New category of lightning strike-induced injury

The twin boys were camping in a tent in The Netherlands when lightning struck an electrical current transformer located 15m away.

Emergency doctors, writing in the Annals of Emergency Medicine, reported that the boys presented to the trauma centre with normal blood pressure, pulse and free airways, one with a second-degree face burn and the other with a skull laceration.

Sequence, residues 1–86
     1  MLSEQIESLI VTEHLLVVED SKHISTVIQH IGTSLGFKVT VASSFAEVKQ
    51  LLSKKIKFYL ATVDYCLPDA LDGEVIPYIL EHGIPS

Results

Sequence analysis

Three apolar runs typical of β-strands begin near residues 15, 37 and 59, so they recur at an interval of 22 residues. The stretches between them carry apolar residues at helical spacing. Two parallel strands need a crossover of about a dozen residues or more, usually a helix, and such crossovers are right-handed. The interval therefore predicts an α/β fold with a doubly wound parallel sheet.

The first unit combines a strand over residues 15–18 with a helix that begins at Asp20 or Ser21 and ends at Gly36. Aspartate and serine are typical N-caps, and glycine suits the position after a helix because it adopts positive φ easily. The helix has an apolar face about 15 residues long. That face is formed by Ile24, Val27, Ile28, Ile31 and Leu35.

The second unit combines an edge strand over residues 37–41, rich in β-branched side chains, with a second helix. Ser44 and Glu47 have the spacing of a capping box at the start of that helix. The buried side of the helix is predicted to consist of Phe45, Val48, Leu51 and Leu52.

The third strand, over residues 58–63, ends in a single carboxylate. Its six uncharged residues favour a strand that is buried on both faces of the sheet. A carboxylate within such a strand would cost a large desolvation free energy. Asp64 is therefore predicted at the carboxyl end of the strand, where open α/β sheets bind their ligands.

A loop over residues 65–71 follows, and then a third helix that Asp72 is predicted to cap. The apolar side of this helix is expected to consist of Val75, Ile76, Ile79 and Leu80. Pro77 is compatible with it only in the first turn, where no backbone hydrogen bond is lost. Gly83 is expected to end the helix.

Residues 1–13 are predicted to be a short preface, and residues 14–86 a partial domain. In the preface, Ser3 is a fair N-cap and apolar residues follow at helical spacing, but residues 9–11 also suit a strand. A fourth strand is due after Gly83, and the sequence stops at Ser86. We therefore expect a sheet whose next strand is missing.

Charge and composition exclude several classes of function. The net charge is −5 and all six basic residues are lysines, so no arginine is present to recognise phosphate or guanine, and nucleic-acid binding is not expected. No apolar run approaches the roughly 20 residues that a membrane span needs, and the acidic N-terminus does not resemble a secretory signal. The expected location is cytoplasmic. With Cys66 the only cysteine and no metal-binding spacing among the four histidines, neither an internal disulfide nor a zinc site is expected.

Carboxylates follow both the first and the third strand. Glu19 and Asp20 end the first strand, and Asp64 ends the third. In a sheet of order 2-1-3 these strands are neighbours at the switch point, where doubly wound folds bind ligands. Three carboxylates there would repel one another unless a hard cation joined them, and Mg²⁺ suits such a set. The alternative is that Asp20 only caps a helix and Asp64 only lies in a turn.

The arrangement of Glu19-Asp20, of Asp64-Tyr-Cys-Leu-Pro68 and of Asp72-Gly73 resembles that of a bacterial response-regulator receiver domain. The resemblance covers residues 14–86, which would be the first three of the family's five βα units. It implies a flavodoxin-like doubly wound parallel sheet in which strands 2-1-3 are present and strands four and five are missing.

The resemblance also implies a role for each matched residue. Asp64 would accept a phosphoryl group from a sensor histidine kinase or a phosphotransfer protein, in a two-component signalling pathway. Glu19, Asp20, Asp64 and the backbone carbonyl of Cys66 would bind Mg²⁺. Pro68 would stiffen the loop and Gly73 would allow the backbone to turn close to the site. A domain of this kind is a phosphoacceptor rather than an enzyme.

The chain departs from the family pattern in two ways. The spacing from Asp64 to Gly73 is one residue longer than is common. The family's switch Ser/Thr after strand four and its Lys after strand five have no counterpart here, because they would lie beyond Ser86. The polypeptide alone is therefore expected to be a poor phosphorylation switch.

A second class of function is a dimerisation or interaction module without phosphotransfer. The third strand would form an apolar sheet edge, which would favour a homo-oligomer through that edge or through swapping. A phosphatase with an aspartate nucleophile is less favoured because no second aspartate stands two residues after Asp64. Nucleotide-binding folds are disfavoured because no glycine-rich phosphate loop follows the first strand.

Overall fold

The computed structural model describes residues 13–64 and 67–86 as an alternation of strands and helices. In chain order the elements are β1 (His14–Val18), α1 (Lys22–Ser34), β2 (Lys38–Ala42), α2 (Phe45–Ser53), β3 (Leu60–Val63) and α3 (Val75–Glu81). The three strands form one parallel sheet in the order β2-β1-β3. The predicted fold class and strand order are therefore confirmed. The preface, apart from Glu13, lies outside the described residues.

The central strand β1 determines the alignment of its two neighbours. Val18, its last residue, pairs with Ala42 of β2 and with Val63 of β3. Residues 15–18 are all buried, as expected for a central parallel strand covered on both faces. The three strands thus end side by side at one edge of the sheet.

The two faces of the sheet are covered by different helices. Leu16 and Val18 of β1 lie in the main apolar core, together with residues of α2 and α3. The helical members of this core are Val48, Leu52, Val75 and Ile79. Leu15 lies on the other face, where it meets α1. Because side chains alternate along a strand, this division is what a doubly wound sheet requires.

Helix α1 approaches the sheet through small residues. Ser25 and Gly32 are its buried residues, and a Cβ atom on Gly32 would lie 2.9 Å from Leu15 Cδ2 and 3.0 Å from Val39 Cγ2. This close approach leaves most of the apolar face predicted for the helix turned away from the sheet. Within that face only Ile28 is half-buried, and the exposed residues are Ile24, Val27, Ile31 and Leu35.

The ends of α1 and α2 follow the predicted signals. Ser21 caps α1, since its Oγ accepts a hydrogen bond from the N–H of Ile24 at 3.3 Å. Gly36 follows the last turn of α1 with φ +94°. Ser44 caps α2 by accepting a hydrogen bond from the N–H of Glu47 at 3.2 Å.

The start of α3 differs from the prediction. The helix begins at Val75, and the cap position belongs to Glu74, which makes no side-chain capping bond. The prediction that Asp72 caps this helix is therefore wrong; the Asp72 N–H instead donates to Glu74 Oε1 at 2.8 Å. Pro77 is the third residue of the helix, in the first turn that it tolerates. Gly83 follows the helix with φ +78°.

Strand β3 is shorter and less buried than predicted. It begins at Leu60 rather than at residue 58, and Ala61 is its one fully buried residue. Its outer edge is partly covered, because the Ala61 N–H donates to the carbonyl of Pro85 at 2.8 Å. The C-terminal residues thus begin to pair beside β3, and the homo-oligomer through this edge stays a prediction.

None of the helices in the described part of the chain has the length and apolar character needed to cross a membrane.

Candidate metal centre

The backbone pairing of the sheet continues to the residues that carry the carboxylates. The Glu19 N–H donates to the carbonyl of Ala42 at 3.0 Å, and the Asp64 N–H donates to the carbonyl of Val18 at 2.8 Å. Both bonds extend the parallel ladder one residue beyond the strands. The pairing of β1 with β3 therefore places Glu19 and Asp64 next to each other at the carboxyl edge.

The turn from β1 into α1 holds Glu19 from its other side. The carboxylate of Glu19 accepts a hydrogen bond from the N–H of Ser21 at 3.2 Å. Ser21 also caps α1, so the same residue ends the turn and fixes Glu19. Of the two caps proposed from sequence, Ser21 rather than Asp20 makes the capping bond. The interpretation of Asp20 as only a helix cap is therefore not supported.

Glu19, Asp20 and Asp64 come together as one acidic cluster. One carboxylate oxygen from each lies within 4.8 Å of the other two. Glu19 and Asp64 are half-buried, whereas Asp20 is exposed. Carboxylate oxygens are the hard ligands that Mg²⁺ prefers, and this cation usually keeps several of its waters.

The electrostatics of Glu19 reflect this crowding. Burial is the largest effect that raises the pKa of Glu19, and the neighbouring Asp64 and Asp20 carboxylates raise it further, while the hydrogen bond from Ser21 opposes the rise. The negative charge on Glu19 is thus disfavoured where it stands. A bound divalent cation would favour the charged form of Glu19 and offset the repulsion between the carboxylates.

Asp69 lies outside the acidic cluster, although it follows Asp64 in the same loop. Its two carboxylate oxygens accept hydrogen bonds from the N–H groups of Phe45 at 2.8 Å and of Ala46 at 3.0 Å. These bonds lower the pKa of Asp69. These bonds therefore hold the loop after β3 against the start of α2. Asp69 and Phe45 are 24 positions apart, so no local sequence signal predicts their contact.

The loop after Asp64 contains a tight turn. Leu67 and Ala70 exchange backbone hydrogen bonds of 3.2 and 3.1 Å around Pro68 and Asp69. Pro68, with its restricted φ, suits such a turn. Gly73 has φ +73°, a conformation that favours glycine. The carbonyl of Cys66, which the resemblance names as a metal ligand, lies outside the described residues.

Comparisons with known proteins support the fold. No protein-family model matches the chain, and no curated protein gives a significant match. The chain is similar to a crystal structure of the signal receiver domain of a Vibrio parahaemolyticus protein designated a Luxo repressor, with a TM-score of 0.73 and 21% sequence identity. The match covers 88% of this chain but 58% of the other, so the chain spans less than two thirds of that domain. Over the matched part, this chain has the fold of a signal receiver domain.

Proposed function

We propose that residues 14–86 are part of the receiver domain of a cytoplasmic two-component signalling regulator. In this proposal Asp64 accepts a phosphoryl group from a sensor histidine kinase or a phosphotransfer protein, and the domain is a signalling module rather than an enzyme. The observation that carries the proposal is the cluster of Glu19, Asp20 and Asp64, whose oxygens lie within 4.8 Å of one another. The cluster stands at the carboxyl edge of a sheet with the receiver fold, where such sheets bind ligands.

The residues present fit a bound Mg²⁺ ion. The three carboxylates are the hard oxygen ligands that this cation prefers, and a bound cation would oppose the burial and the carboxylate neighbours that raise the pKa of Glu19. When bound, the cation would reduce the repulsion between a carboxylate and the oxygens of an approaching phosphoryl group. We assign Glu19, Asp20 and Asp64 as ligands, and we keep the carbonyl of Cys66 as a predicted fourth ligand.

However, on closer examination, one boy had two copper wires protruding from his scapula, which were removed surgically under local anaesthetic and he was discharged the next day.

His twin brother had a small puncture wound on the right pectoral muscle and a 2cm-long fragment of copper wire was discovered in his lung parenchyma, with computed tomography showing pneumo- and haematothorax.

The copper wire was retrieved during exploratory right-sided anterolateral thoracotomy and the boy went home a week later.

The authors said a penetrating thoracic blast injury